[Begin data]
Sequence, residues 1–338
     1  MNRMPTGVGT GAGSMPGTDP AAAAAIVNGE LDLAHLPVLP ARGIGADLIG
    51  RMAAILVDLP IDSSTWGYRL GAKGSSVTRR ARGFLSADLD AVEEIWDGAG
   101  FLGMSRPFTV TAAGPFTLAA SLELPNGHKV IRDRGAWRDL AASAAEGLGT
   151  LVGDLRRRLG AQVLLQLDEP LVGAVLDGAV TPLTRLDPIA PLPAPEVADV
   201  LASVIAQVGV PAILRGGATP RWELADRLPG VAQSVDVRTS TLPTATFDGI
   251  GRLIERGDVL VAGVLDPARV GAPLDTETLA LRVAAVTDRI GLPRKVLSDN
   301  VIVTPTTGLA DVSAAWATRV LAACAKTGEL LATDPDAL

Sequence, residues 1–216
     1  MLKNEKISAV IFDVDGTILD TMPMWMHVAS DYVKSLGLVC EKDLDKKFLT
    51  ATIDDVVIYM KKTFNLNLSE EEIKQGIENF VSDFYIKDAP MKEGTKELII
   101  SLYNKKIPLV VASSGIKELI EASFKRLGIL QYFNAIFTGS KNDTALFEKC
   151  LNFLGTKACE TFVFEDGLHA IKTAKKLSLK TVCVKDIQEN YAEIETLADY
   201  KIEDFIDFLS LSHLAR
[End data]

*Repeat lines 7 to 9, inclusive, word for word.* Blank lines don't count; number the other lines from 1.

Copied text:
   251  GRLIERGDVL VAGVLDPARV GAPLDTETLA LRVAAVTDRI GLPRKVLSDN
   301  VIVTPTTGLA DVSAAWATRV LAACAKTGEL LATDPDAL

Sequence, residues 1–216